Overcoming Treatment Obstacles
Experts say certain smart strategies can boost your odds of getting the best pain treatment.

  • Pick the right doctor.Even the most conscientious doctors can find it challenging to treat you effectively, because they may lack instruction and experience in managing pain. (Medical schools tend not to emphasize this subject.) So if your current physician isn’t giving you the relief you need, consider seeing one who is well trained in treating pain or visit a multidisciplinary pain-treatment team. Go to to search for pain clinics near you.
  • Talk to another woman. There are exceptions, of course, but many women feel that their concerns are better heard by female physicians. That suspicion was backed up in a 2008 Pain Medicine study in which researchers discovered that female doctors were 16 percent more likely than male doctors to administer pain medications to emergency room patients who experienced moderate to severe discomfort, according to study author Basmah Safdar, MD, co-chair of the Chest Pain Center at Yale–New Haven Hospital.
  • Keep a log. Provide useful diagnostic information by tracking the intensity and frequency of your pain in a journal that you show your doctor. Jot down what the pain feels like; how long it lasts; what makes it better or worse; when it strikes; whether menstrual or menopausal symptoms trigger, aggravate or improve it; and what medications you take and how well they work. Rate your pain on a 0-to-10 scale, 10 being the most severe. “You can tell your doctor, ‘This past week I had two days when my pain was a 6 out of 10,” recommends Marni Jackson, the author of Pain: The Science and Culture of Why We Hurt.
  • Know your goals. And share them “Explain to the doctor that you have pain, you expect treatment, you want to know the risks and benefits of various treatments, and you want to leave with a treatment in hand and a plan about what to do if the treatment doesn’t work,” Fishman says.
  • Communicate specifics. “Doctors only know what you tell them,” Jackson says. During your appointment, explain exactly how the pain interferes with your life. For example, rather than simply say you have migraines, report that twice a month you’re in bed with a migraine for eight hours and you’re so debilitated that you have to call a relative to take care of your children, Jackson suggests.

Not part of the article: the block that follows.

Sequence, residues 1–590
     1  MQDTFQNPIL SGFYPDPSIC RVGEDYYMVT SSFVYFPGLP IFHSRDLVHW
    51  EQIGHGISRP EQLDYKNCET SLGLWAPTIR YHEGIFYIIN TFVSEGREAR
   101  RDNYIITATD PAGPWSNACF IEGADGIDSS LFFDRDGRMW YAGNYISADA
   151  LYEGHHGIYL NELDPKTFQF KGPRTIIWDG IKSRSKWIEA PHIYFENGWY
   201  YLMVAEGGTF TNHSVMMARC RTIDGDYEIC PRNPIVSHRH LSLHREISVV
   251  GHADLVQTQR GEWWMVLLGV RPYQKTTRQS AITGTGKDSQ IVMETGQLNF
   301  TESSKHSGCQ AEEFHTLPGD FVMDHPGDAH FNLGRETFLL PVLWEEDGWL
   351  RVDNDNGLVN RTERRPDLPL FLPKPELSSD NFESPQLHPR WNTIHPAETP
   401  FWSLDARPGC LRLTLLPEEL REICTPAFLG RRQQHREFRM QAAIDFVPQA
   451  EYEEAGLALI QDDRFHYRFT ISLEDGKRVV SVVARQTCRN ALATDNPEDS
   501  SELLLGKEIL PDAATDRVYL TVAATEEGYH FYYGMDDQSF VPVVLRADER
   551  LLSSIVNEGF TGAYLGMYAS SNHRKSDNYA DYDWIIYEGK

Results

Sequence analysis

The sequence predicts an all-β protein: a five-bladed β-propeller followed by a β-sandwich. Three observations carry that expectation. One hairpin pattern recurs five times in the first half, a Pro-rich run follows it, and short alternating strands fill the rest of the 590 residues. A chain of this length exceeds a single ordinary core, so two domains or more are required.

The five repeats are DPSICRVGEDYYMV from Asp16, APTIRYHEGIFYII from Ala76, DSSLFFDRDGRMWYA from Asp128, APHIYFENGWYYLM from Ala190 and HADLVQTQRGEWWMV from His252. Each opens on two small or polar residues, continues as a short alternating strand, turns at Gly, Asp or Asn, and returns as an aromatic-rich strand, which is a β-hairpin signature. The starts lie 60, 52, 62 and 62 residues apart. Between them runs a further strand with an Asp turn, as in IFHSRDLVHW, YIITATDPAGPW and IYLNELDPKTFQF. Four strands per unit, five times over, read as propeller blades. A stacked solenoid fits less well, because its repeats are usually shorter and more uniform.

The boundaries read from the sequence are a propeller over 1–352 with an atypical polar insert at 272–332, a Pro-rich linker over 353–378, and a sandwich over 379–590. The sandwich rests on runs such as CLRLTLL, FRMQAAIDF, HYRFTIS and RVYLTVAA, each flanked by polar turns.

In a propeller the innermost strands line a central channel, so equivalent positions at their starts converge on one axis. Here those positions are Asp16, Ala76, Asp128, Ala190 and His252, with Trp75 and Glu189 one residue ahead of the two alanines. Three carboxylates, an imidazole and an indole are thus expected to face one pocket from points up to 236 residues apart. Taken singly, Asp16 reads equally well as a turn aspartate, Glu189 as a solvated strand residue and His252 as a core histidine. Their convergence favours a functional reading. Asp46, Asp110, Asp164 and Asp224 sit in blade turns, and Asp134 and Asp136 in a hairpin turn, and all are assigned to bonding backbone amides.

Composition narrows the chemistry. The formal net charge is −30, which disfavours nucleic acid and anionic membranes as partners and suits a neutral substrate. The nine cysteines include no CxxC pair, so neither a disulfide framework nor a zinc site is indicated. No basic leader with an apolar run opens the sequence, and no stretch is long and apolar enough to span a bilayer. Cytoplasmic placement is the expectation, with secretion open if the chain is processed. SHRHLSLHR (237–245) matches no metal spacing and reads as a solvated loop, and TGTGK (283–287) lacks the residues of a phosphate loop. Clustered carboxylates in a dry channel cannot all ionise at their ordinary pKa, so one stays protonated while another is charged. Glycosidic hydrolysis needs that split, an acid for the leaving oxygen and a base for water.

• Be realistic. Trial and error is a normal part of pain treatment. When a doctor at the Stanford University pain clinic prescribes a pain medication, there’s only about a 40 to 60 percent chance that it will prove to be the right drug. “And we’re pretty good at this,” says Stanford’s Mackey. “There’s a huge individual variability in the way patients experience pain and how they respond to these medications.”
  • Don’t rule out antidepressants. Although many women feel that a prescription for an antidepressant is an insult, the fact is that some of these drugs may help reduce certain kinds of pain, even when depression is not present. For example, tricyclic anti-depressants such as amitriptyline (Elavil) and imipramine (Tofranil) can lessen pain caused by lower-back troubles, tension headaches, arthritis, fibromyalgia and nerve damage resulting from diabetes. They appear to work by blocking pain-communication pathways in and near the brain.
  • Stay focused. If your doctor implies that your pain is all in your head, make sure you speak up. Say, “What do you mean by that, exactly? Are you suggesting that I’m imagining this pain or that I’m overreacting? Why would you say that?” If that is indeed what he is suggesting, don’t let it shake you. “You know what you know, and you know what you feel,” says Anita J. Tarzian, PhD, a health care ethics consultant and former hospice nurse. “You have a right to the best quality of life you can get.” And that may well mean searching out another doctor, one who will take your problems seriously.

Speak Your Doctor's Language
Describing your pain precisely rather than generally can go a long way toward getting you the treatment you need. Try characterizing your experience in the following terms, which have definitions that are understood by doctors.

Throbbing Pain: Pulsating or pounding

  • Sharp Pain: Sudden, abrupt and intense
  • Breakthrough Pain: Happens while your medication is supposed to be in effect
  • Shooting Pain: Sharp and radiating
  • Persistent Pain: Lasts 12 hours or more every day
  • Burning Pain: Fiery or inflamed
  • Achy Pain: Dull and persistent
  • Intermittent Pain: Comes and goes, sometimes in waves or patterns
  • Crushing Pain: Intense pressure or heaviness
  • Flaring Pain: Occurs suddenly, without any apparent trigger

Need more guidance?
The following organizations offer education, support, provider directories and other helpful information for women in pain.

American Pain Foundation
American Pain Society
American Chronic Pain Association
National Pain Foundation
For Grace

Originally published in the April 2011 issue of More.

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First Published Wed, 2011-03-02 11:04